Dear Bessie, Remember the promise we made to each other before my June wedding about the two of us getting together at the Russian tea place over the Christmas holidays? Wilmer and I might come down to Philadelphia. And Mama and Papa are thinking about traveling up to New York, but no decision yet. If we make it home, I’ll be so happy to see you.
Being a married woman is so different than I ever imagined. A long train trip with Wilmer all the way to St. Louis for our honeymoon was exhausting enough, and I could barely concentrate on the exhibits and crowds at the world’s fair. We came back earlier than expected. Being in New York City makes me realize what a country girl I’ve been when it comes to becoming a woman and growing up overnight. I’ll get used to it, I suppose.
The two of us I must talk over tea. My mother’s generation is so much in the attic when it comes to things of this world. So New York is the best thing that’s happened to me. People speak languages I didn’t know existed, even though I studied geography and was convinced I knew it all.
The men Wilmer works with at the accounting firm had dinner at a restaurant downtown and took their wives along. One of them, who grew up in New Jersey, talked all through the meal about awful it is that women are allowed to vote in Wyoming and how nobody knows anymore whether a woman’s visit to a neighbor is to solicit votes or get support to run for political office.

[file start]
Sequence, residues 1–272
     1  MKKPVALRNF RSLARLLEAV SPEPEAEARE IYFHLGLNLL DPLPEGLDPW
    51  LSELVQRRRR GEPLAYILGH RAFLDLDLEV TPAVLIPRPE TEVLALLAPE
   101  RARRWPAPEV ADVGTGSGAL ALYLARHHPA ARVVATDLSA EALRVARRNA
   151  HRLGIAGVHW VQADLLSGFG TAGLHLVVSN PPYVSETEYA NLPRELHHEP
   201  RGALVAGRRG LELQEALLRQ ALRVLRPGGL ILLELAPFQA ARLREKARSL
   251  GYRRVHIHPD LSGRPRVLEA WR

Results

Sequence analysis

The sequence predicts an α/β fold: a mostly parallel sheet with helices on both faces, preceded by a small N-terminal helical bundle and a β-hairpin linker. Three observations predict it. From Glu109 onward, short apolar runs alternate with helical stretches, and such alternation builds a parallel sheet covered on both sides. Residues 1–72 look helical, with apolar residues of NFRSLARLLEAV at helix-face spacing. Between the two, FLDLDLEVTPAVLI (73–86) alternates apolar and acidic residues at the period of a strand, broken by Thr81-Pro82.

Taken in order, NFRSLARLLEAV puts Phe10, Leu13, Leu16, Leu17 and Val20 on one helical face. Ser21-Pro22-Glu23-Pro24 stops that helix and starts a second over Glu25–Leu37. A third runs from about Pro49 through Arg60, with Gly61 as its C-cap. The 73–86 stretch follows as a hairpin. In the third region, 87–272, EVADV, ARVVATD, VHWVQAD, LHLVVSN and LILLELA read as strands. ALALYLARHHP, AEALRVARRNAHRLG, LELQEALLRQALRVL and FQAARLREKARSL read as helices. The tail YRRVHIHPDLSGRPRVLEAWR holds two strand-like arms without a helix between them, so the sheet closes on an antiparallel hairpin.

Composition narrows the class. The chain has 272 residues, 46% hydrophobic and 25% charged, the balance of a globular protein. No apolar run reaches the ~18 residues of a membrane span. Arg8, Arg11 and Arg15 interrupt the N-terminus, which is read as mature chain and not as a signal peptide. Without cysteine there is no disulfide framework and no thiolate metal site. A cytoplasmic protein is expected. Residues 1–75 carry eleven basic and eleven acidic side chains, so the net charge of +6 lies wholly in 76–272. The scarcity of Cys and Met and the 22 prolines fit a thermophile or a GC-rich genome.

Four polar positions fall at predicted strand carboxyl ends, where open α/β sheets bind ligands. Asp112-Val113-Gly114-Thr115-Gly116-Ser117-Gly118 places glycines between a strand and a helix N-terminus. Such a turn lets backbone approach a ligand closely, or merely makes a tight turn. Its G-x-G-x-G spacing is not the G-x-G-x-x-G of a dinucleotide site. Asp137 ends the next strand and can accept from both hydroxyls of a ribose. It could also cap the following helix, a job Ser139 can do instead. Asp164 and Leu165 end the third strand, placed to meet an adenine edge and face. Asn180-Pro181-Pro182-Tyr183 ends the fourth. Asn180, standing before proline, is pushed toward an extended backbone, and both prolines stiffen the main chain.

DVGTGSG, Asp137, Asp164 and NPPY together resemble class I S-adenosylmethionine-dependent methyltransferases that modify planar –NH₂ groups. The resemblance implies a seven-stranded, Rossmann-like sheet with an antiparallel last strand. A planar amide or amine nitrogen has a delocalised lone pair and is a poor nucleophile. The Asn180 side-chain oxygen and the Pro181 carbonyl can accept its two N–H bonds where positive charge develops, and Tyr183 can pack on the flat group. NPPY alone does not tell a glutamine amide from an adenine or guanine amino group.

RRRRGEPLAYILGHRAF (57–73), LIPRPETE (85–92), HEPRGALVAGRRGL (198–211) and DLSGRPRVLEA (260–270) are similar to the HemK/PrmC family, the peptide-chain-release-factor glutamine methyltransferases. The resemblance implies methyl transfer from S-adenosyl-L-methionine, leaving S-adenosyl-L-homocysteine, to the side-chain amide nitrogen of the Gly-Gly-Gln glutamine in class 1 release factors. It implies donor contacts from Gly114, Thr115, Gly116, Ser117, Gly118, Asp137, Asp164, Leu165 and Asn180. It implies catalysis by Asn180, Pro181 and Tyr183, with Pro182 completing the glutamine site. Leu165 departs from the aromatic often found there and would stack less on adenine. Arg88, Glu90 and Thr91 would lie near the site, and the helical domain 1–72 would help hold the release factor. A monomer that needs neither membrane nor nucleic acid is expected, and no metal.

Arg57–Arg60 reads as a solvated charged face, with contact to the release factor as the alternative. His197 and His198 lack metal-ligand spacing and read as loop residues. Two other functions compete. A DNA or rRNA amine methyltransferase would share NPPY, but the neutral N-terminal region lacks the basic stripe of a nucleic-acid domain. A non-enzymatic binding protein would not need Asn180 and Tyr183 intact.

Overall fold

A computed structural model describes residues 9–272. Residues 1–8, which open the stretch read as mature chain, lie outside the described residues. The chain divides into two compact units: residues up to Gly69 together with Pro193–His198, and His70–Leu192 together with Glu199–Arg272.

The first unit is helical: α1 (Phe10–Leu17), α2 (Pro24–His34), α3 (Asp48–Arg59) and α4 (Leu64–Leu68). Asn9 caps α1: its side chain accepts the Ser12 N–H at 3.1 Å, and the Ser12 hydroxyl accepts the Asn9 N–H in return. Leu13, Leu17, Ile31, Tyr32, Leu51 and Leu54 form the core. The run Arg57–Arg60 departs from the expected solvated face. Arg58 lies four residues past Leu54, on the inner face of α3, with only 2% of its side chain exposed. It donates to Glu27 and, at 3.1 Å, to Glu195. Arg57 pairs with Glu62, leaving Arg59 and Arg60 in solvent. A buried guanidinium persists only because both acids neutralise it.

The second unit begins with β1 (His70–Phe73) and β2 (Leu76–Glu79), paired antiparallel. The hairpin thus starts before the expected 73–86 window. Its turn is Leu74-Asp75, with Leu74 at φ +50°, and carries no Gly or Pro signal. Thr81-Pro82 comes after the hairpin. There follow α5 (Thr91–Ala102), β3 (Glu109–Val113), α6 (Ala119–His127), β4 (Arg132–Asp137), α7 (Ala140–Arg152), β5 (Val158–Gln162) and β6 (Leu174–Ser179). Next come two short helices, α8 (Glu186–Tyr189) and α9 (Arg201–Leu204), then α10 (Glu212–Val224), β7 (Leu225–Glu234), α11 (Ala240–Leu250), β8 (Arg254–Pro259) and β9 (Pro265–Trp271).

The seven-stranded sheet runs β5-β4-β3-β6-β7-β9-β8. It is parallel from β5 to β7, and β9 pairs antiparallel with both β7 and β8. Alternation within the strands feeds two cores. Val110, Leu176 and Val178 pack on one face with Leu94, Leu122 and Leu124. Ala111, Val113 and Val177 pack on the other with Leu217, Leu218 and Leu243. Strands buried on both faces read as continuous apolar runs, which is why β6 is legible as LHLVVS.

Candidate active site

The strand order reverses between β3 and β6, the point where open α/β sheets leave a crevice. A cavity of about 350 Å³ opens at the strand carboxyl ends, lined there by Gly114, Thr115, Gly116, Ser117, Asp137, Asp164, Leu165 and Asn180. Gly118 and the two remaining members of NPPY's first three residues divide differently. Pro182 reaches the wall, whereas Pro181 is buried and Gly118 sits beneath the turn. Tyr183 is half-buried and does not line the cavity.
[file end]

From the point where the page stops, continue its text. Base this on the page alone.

I laughed, but only to myself. Have been taking the bus now and then for meetings about women voting. Getting used to New York and being married is plenty for now because I tire easily. My fingers are crossed for the two of us having tea over the holidays.
Thy loving friend, Edna
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Posted in Edna Buckman Kearns
Tagged Edna Kearns, Edna May Buckman, High Tea, suffrage movement, Suffrage Wagon, suffragists, Thanksgiving, Votes for Women, Wilmer Kearns, Women's History, women's suffrage
My Aunt Serena Kearns was known as Nassau County’s “youngest suffragist.” If there was a poster child for woman’s suffrage, it was little Serena. Her image was preserved when sitting in her mother Edna’s suffrage campaign wagon, the “Spirit of 1776” with the large bow in her hair. Yes, this is the same wagon on exhibit on the second floor of the New York State capitol through the summer of 2012.
Little Serena accompanied her mother, Edna Kearns, in New York City parades and on whirlwind campaigns for Votes for Women on Long Island. This article from the Brooklyn Times on February 13, 1913 documents a suffrage story that Serena wrote: